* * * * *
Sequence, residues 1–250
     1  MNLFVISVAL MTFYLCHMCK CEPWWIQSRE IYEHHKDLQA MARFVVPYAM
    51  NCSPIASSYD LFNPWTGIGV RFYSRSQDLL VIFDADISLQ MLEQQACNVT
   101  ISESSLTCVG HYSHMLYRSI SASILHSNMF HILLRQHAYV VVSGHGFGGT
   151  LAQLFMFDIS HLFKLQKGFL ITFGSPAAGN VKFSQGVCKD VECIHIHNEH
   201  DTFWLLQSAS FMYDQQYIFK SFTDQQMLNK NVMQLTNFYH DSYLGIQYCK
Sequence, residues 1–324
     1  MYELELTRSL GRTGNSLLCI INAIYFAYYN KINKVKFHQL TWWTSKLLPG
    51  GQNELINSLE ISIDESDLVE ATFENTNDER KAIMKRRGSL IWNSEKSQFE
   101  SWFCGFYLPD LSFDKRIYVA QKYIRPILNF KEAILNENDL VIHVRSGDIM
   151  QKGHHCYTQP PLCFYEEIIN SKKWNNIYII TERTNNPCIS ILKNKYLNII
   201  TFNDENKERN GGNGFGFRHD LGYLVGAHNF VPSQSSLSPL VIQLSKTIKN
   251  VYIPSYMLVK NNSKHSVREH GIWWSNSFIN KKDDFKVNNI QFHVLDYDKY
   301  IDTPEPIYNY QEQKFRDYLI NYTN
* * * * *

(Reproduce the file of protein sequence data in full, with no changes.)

Sequence, residues 1–250
     1  MNLFVISVAL MTFYLCHMCK CEPWWIQSRE IYEHHKDLQA MARFVVPYAM
    51  NCSPIASSYD LFNPWTGIGV RFYSRSQDLL VIFDADISLQ MLEQQACNVT
   101  ISESSLTCVG HYSHMLYRSI SASILHSNMF HILLRQHAYV VVSGHGFGGT
   151  LAQLFMFDIS HLFKLQKGFL ITFGSPAAGN VKFSQGVCKD VECIHIHNEH
   201  DTFWLLQSAS FMYDQQYIFK SFTDQQMLNK NVMQLTNFYH DSYLGIQYCK
Sequence, residues 1–324
     1  MYELELTRSL GRTGNSLLCI INAIYFAYYN KINKVKFHQL TWWTSKLLPG
    51  GQNELINSLE ISIDESDLVE ATFENTNDER KAIMKRRGSL IWNSEKSQFE
   101  SWFCGFYLPD LSFDKRIYVA QKYIRPILNF KEAILNENDL VIHVRSGDIM
   151  QKGHHCYTQP PLCFYEEIIN SKKWNNIYII TERTNNPCIS ILKNKYLNII
   201  TFNDENKERN GGNGFGFRHD LGYLVGAHNF VPSQSSLSPL VIQLSKTIKN
   251  VYIPSYMLVK NNSKHSVREH GIWWSNSFIN KKDDFKVNNI QFHVLDYDKY
   301  IDTPEPIYNY QEQKFRDYLI NYTN